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On The Record With ... Andrea Wells

Published: Sunday, April 13, 2014 9:23 p.m. CDT • Updated: Sunday, April 13, 2014 11:52 p.m. CDT
Caption
(Sarah Nader – snader@shawmedia.com)
U.S. Navy Petty Officer 3rd Class Andrea Wells of Crystal Lake poses for a portrait outside her home Thursday. Wells returned home from her last military tour three weeks ago.

CRYSTAL LAKE – Andrea Wells went from scanning merchandise at Costco to maintaining some of the world’s most advanced jets on an aircraft carrier in the Pacific Ocean.

The 28-year-old Crystal Lake resident said a “quarter-life crisis” led her to join the Navy, but it ended up being the best decision of her life. By the time her service came to an end a couple of weeks ago, she left with multiple awards, including Plane Captain of the Year on her ship and two Navy and Marine Corps Achievement medals.

Even the EA-6B Prowler she maintained donned her name and her hometown.

After two deployments that took her from Malaysia to Thailand and the United Arab Emirates among others, the Prairie Ridge High School graduate sat down with Northwest Herald reporter Jeff Engelhardt to talk about life at sea, maintaining a $50 million jet and what she plans to do now that she has returned to civilian life.

Engelhardt: So what inspired you to join the Navy as opposed to the Marines or Army or some other branch?

Wells: Well, the Air Force didn’t call me back [laughter]. It just sort of happened very fast. I talked to a recruiter on a Friday and the following Thursday I was sworn in. I shipped out 34 days later. I just wanted to get out and do something else. In the grand scheme of things it was only four years. I wasted six years out of high school not knowing what I wanted to do. It worked out really well.

Engelhardt: What were some of your responsibilities?

Wells: My job when I started was aviation electrician, so on the aircraft carrier I was a brownshirt, which you see in videos. But the big thing we did was launching and recovering aircraft. As plane captain, I was the first and last person to handle the plane before saluting the pilot and turning it over to him. It’s a big responsibility. You’re the last one to check it before it launches off a catapult.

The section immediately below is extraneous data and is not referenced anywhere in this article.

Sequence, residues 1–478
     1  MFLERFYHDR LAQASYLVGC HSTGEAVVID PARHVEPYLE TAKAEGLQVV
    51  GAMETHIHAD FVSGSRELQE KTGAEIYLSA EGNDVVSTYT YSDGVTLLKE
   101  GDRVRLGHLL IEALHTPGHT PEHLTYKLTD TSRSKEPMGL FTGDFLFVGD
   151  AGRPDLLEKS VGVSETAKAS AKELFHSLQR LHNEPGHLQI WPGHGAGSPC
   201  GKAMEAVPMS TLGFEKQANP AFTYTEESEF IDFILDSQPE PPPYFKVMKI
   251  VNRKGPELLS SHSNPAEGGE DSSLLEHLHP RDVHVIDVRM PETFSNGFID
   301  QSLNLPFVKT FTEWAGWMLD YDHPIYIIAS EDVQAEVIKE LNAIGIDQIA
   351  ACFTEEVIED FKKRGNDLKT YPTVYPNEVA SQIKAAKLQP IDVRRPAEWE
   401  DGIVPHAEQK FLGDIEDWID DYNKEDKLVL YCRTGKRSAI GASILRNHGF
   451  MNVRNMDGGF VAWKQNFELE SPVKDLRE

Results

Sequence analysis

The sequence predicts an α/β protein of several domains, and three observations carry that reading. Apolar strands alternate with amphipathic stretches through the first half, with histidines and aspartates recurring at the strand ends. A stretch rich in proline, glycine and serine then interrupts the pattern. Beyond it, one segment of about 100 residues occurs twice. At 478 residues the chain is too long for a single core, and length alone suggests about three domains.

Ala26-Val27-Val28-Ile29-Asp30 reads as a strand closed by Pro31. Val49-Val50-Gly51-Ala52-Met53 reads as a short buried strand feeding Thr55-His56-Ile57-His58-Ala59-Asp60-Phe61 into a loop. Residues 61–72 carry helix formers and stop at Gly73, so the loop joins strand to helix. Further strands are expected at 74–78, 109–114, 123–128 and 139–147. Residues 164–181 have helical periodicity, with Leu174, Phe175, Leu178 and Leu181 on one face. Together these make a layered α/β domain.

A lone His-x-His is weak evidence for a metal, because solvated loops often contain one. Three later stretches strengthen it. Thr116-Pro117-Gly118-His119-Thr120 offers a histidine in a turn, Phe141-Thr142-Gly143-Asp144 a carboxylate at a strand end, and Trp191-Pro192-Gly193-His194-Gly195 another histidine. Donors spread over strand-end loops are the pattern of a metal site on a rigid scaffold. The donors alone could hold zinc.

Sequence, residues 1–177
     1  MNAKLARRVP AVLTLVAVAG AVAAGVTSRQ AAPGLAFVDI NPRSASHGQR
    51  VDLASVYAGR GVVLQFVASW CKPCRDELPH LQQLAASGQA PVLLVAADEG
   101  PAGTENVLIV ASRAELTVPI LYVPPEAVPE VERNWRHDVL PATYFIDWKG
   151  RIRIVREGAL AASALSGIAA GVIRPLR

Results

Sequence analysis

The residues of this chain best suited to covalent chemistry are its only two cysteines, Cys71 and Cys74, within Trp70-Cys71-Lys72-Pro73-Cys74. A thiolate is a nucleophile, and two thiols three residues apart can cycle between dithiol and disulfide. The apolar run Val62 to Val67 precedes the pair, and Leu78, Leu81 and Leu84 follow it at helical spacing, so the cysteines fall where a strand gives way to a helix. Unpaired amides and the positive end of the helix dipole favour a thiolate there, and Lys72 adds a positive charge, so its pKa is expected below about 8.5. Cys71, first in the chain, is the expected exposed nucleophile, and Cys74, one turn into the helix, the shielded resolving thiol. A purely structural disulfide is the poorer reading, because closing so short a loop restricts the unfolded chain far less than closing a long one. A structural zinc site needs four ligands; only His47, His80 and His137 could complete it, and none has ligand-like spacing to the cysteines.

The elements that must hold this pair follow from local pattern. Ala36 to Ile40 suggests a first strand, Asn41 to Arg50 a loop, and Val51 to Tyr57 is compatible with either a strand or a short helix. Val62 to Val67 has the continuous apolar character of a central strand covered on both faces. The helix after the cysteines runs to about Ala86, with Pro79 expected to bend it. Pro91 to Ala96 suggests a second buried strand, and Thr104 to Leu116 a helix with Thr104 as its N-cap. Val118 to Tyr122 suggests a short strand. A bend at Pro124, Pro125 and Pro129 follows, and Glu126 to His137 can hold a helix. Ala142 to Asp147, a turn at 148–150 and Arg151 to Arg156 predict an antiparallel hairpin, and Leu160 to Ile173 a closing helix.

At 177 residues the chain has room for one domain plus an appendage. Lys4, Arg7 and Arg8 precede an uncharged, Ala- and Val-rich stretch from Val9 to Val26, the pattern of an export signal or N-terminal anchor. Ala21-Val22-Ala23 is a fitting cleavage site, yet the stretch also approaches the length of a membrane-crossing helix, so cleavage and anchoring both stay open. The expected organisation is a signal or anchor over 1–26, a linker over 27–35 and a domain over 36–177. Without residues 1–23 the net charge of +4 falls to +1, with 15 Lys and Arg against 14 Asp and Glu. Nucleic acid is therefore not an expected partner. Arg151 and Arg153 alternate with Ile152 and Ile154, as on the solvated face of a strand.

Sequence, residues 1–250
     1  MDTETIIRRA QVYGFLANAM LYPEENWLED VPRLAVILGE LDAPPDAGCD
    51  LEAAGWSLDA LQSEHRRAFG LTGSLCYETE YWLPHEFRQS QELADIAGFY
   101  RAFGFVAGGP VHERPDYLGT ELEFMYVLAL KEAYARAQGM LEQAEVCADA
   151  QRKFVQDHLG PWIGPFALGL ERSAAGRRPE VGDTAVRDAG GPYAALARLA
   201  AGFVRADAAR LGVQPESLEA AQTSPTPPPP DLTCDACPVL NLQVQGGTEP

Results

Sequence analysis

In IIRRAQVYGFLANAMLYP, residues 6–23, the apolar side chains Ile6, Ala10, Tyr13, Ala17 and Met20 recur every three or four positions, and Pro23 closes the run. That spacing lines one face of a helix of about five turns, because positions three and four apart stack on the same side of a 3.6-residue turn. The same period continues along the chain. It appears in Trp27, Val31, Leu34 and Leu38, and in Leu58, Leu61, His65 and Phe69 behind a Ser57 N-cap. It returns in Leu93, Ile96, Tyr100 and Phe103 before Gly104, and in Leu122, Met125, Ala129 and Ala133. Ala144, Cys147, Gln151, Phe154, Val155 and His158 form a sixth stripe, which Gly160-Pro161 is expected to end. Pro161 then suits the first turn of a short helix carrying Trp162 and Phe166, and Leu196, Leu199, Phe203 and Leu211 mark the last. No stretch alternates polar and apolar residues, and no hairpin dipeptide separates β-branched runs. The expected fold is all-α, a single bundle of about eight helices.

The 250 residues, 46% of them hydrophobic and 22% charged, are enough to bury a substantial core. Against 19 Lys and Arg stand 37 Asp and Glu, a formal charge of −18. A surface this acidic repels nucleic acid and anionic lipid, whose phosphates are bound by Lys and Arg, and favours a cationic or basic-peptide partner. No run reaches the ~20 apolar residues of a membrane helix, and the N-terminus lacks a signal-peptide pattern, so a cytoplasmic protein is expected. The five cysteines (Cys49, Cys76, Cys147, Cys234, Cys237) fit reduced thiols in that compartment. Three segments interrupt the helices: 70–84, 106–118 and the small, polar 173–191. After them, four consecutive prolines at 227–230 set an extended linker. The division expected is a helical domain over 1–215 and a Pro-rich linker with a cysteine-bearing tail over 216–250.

Engelhardt: How was it adjusting to life on the water?

Wells: We did two deployments on the USS John C. Stennis and one was seven and a half months, and the other was eight and a half months. It was difficult to adjust at first. We had a room about the size of a one-car garage where about 30 girls slept. It’s like living with 30 sisters. You do your best not to upset each other. The food was terrible on the ship though, I don’t care what anybody says. But they train you to have this mentality that you just do it. And I did meet a lot of great people.

Engelhardt: Were you ever nervous or scared being out on the water or during missions?

Wells: I actually felt really safe on the ship. The carriers are so big and there are 4,500 people out there with you. Nobody would mess with a carrier. There is a sense of camaraderie where you learn to trust everyone no matter what their job is. There are people on the ship I never met but I knew somewhere along the line they were keeping me safe.

Engelhardt: What did winning those awards mean to you?

Wells: Well, some of the ribbons you get are for small things like finishing boot camp so it doesn’t mean as much. But earning the Navy and Marine Corps Achievement Medals was special and they’re my highest-ranking ribbons. Some people go eight or nine years without ever earning one and I got two in four years so I think that’s pretty awesome.

Engelhardt: Now that you’re back, what are your plans? Do you think your experience in the Navy will help you going forward?

Wells: I got accepted into DePaul and will be going for business management and HR, which is what I always wanted to do. Working on jets was never a life goal or a dream but it was a pretty awesome adventure. I have the utmost admiration for people who can be in the military 20 years because it’s tough.

But to work on a $50 million jet gives you confidence and now I know I can do anything. I had the opportunity to work with such a diverse group of people over the last four years and met some of the most extraordinary leaders I will ever cross paths with.

OUTBOX

Who is she? Andrea Wells, Navy veteran who served two tours on the USS John C. Stennis and earned Pilot Captain of the Year.

Hometown? Crystal Lake

Favorite hobby? Cooking.

Favorite food? Portillo’s. She had dreams of Chopped Salad while at sea.

Favorite band: “Modern Day Romeos”

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